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Mr. Ward's amendment has been negatived by a majority of 322 to 148,-evidence the dawning of truth mingled with much error,-the perception, in par', of the viciousness of past legis. lature, with an utter ignorance of the true and only remedy. Our senators are beginning to feel, and have now recorded their conviction, that the ascendancy of the protestant church in Ireland is an insult and a wrong. The experience of centuries has at length forced from them this acknowledgment. So far it is well. Church-of-Englandism, as a specific form of the establishment principle, is on the wane; and its political patrons are, in consequence, compelled to resort to measures which they would formerly have rejected with scorn. But how is it, that a sense of past misgovernment is associated with so much misapprehension of the true principles of legislation ? How is it, that the men who acknowledge it to have been wrong to make the catholics of Ireland contribute to the support of the protestant hierarchy, do not see that it is equally vicious to make the protestants of the empire contribute to the support of the papacy? How is it that principles with which we have long been familiar, which are as household words among us, are so little known, so slightly estimated by our rulers ? We fear, that in replying to these questions we must criminate ourselves. Had we been faithful to the truth as we should have been ; had our zeal in its advocacy been proportioned to that which we exhibit in other directions; had we laboured on its behalf with an energy and self-devotion comporting with its higher claims, our senators could not have displayed the ignorance they have recently evinced. They might still have disliked the truth, they might have attempted in various ways to evade its obligations, they might have decried it as intolerant, have sneered at it as methodistical, but we should not have seen the disgraceful misapprehension of first principles, which the parliamentary debate has displayed. The absence of a large and comprehensive sense of duty has given a character of indifference and feebleness to the movements of dissent which has prolonged the reign of ignorance, and encouraged our rulers to attempt further oppressions upon conscience. We fear there is too much truth in the opinion expressed in one of the resolutions adopted at a public meeting of the Anti-State Society, convened in the London Tabernacle, on the 14th of April, which affirmed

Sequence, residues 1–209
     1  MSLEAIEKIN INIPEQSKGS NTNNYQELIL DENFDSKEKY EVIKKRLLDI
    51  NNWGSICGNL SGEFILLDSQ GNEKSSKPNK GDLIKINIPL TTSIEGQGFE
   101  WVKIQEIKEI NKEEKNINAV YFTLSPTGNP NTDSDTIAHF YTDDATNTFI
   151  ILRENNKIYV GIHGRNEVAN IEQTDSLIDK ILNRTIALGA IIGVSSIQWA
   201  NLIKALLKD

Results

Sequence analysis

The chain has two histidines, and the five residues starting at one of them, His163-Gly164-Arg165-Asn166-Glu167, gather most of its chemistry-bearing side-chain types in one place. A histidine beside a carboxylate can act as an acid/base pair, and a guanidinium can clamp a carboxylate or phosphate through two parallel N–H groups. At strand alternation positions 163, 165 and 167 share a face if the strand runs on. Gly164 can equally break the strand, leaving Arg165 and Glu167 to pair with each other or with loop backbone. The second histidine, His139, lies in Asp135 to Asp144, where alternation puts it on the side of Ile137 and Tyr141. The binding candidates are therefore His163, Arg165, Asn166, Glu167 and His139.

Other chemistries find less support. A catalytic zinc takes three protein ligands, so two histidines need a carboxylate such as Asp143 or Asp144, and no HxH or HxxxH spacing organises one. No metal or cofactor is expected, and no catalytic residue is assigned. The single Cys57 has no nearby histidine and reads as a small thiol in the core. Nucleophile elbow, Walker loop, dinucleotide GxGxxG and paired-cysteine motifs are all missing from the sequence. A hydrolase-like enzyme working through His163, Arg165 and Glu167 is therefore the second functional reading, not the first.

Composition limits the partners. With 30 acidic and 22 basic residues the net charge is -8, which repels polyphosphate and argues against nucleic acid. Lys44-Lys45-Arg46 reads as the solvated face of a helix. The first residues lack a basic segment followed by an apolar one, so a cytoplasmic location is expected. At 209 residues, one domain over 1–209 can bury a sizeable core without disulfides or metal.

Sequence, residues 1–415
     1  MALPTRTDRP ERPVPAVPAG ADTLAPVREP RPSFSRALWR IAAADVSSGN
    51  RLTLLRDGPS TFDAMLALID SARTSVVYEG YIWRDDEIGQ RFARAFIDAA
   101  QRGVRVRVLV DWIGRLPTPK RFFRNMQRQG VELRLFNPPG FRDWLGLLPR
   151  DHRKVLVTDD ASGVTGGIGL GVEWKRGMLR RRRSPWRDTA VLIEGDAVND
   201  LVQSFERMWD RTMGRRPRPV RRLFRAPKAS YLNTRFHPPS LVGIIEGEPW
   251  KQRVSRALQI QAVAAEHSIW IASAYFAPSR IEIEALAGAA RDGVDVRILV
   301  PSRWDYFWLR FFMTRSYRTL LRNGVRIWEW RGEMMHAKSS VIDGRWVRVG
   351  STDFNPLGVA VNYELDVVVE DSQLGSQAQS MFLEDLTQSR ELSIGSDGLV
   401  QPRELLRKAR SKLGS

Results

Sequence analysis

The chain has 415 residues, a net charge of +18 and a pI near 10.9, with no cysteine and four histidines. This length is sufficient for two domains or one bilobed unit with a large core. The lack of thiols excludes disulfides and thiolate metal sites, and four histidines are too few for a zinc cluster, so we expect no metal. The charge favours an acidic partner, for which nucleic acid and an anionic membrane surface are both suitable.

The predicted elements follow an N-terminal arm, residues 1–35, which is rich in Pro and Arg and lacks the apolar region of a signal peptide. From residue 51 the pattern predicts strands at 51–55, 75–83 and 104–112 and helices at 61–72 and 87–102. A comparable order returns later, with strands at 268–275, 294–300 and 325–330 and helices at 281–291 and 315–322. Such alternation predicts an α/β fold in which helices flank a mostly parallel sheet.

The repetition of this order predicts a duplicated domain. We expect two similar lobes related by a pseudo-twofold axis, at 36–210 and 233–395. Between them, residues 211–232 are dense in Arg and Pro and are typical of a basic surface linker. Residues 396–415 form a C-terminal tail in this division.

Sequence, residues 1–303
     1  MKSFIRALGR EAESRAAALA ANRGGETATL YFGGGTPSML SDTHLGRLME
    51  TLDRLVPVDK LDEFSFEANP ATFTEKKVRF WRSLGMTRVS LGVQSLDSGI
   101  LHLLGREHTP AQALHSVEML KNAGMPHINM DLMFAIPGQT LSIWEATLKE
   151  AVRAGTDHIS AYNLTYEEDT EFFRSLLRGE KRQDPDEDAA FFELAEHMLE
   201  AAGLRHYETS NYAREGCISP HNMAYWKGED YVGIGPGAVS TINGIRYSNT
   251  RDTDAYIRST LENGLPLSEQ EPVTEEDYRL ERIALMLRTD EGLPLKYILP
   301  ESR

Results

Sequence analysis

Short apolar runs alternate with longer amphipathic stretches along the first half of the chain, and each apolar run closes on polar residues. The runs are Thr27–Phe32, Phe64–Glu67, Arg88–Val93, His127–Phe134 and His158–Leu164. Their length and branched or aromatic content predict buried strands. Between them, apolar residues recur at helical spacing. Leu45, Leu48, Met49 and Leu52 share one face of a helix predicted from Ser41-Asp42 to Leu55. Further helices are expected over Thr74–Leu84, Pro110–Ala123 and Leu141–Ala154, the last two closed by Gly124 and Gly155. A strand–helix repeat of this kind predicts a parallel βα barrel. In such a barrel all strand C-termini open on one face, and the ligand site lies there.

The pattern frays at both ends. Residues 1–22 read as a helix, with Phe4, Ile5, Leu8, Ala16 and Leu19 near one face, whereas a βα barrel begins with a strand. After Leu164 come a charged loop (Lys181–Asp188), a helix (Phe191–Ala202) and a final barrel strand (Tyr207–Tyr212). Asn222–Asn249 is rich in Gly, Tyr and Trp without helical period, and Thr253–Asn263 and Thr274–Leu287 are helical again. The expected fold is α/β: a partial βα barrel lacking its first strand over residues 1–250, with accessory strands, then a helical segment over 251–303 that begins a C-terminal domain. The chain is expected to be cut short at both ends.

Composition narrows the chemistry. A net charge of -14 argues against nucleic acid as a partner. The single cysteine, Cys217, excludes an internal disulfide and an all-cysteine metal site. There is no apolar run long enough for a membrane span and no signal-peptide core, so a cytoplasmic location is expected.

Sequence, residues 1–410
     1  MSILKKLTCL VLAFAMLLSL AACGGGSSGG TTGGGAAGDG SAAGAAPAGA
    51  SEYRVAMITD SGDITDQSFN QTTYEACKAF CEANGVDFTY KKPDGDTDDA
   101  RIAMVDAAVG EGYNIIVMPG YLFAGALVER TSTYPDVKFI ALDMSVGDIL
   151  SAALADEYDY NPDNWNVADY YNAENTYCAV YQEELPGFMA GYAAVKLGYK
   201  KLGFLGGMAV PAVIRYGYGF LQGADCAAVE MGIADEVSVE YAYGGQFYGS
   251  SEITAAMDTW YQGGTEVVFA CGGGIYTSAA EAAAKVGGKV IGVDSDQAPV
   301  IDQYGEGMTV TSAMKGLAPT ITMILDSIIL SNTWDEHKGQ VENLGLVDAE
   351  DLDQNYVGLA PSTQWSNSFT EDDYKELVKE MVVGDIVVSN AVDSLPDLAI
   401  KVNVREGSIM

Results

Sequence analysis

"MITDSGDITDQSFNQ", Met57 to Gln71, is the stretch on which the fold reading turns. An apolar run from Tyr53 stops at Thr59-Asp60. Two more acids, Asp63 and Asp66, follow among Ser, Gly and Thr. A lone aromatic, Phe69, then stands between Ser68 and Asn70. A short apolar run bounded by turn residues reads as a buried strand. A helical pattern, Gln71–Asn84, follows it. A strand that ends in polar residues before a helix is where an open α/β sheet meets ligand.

· That the supineness and indifference of dissenters respecting the progress of their principles, and with regard to the injustice of state churches, have unintentionally encouraged the government to take the initiative in the increase of the Maynooth Grant for establishing by law the Roman catholic church in Ireland.'

In this state of things, our first duty after a clear and practical exhibition of our sentiments, is to look about us for suitable men to represent us in parliament. This is the great difficulty, and our best energies must be directed to master it. We must not sit quietly down under the conviction, that such men are not to be found. They are in existence, and must be brought forth, men of clear understandings, of settled convictions, of determined purpose, who unite religious devotedness to the emancipation of the church, to a deep and cordial sympathy with the righteous demands of the popular mind. We know of no nobler or higher vocation, none more worthy of engrossing the energies, or of having consecrated to it the whole life of any man. He who with competent abilities should enter on such a field of labour, in a spirit of enlightened and ardent devotion, and give himself to its duties with singleness of purpose and untiring zeal, would become a benefactor to his species of no ordinary kind. His motives might probably at first be misapprehended, his early efforts be unsustained. Unreflecting piety might condemn, worldly politicians despise, and sectional interests and prejudices cross his path; but, so surely as he held steadily on in his career, would he gather round him the elements of a moral power before which intolerance and latitudinarianism, political corruption and priestly craft, would ultimately be compelled to tremble.

Brief Notices.

The Comedies, Histories, Tragedies, and Poems of William Shakspere.

Edited by Charles Knight. (Library Edition.) Vol. XII. 8vo.